So consumers in the United States still buy products made by sweatshop workers, some of them trafficked, every single day. Since U.S.-based brands are the mainstay buyers for these factories, why are Americans not better informed about workers’ conditions?
The brands are complacent partly because they can easily deny that that they buy from sweatshops. All they have to do is adopt a simple code of conduct for supplier factories, promising to respect workers’ rights.
Enforcement is a matter of “social audits,” with inspections often announced ahead of time. The standard is often “follow local laws,” which are weak.
But dozens of these global brands tout their “social responsibility” and publish extensive (if not particularly informative) “factory social audits” on their corporate websites.
“Corporate social responsibility” (CSR) programs adopted by corporations that source globally have exploded. The daily “CSRwire” compilation of press releases from corporate CSR offices shows 1,391 releases in one seven-month period last year.
But not one communiqué dealt with the issue of substandard wages, even though huge fights over wages are boiling throughout the apparel-producing world.
Tens of thousands of workers in Bangladesh and Cambodia protested and struck repeatedly last year over expected adjustments to the national minimum wage delayed for years—and which made pathetically little headway toward a “living” wage when it arrived in Bangladesh.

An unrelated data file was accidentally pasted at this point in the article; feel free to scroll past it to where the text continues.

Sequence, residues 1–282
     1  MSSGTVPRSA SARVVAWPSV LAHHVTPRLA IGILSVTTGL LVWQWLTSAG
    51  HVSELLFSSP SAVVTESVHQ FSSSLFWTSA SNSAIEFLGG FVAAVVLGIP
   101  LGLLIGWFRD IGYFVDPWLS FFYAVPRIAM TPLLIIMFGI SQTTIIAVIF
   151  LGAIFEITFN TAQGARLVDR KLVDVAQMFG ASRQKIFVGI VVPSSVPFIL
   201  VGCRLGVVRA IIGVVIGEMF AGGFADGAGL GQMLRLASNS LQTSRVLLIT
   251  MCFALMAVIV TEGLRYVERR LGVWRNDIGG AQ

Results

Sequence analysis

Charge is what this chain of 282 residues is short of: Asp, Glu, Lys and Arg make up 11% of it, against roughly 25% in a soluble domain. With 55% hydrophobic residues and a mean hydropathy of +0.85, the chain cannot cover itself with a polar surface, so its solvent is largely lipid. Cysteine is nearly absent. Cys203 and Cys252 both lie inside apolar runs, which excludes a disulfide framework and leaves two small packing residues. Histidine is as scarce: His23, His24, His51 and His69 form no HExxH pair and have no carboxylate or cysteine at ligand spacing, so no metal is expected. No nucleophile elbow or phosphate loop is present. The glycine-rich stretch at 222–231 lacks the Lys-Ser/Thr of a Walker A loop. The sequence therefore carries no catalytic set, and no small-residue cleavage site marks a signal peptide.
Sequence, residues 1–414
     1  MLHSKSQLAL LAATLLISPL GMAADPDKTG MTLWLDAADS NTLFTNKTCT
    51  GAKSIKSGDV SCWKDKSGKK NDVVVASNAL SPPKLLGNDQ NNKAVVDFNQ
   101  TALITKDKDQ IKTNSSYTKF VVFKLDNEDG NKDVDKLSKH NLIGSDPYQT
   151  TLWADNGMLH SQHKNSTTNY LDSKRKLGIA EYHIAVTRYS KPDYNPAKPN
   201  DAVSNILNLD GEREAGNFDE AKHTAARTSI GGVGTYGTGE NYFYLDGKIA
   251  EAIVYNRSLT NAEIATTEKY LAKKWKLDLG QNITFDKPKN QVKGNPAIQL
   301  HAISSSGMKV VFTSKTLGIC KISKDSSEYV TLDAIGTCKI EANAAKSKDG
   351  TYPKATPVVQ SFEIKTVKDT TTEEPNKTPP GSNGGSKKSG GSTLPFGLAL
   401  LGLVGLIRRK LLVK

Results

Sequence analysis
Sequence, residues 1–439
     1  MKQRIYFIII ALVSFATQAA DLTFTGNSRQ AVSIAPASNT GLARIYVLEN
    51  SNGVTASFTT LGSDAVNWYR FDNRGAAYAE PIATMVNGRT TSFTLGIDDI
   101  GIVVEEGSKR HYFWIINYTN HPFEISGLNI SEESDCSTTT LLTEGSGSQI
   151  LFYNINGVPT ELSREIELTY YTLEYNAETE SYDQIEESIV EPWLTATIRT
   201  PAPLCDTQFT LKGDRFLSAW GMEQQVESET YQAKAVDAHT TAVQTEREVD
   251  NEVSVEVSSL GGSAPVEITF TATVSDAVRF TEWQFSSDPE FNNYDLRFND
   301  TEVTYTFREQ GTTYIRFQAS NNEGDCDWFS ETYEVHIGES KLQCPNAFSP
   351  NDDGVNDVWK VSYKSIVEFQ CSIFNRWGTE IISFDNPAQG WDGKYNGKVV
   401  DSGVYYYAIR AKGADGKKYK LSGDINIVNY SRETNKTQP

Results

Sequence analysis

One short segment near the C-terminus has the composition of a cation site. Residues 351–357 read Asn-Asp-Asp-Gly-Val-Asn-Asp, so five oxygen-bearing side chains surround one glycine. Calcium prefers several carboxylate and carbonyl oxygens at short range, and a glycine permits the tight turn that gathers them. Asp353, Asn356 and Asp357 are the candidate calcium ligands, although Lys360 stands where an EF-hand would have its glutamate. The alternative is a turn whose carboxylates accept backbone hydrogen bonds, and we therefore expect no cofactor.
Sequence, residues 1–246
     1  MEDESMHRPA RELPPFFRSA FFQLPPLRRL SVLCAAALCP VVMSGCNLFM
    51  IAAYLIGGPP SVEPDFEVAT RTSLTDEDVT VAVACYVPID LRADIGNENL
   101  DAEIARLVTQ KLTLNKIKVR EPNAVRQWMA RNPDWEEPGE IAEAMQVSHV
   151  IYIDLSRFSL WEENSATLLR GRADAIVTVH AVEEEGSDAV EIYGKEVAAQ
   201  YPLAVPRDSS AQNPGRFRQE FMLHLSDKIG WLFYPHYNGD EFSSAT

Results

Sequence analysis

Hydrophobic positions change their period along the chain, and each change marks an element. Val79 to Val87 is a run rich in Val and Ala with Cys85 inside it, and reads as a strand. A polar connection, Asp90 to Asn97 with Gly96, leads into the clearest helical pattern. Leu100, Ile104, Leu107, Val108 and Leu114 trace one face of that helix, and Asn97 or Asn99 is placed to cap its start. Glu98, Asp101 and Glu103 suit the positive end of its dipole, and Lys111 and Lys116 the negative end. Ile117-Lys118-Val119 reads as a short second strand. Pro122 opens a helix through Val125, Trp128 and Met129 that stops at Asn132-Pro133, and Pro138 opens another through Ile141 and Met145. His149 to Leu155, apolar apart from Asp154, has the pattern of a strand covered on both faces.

The unrest continues, despite repressive government intervention. A massive strike involving tens of thousands roiled a huge factory producing for adidas in Vietnam earlier this year. The workers demanded an end to low wages and an unfair bonus system.
An Australia-based monitoring group feared for the strike leaders: Last year three young Vietnamese activists were handed prison sentences of seven to nine years for their involvement in a shoe-factory strike.
What to Do?
What can U.S. unions—and consumers—do to fight trafficking and the abysmal workplace conditions it creates?
We could learn a few lessons from anti-sweatshop campaigners. Even in the midst of a global economic downturn, diligent research by U.S. anti-sweatshop groups combined with determined activism on the part of wronged workers in Cambodia brought a measure of justice.
After a factory fire in March caused a textile company to close, the company refused to pay 4,000 workers the $600 to $700 in legally required severance they were owed. (None were injured in the blaze.)
While Cambodian workers marched on the boss en masse, the Worker Rights Consortium, a factory monitoring group established by anti-sweatshop campaigners, pressured Under Armour and Russell Athletic.
They were two of the brands that purchased the factory’s goods. The WRC brought in the International Labor Organization and other international bodies, and before long the supplier was forced to follow the law—producing a $2.4 million settlement.
The WRC called it “the largest case so far in which labor rights monitoring efforts have succeeded in overcoming an attempt by garment factory owners to evade payment of legally owed compensation to workers.”
We know that including labor rights language in trade deals hasn’t stopped global corporations from exploiting workers and whitewashing their records with “social responsibility” baloney. So what can? Strong unions, pressure groups of consumers, and truly independent factory monitors are an imperfect—but far better—combination to hold them accountable.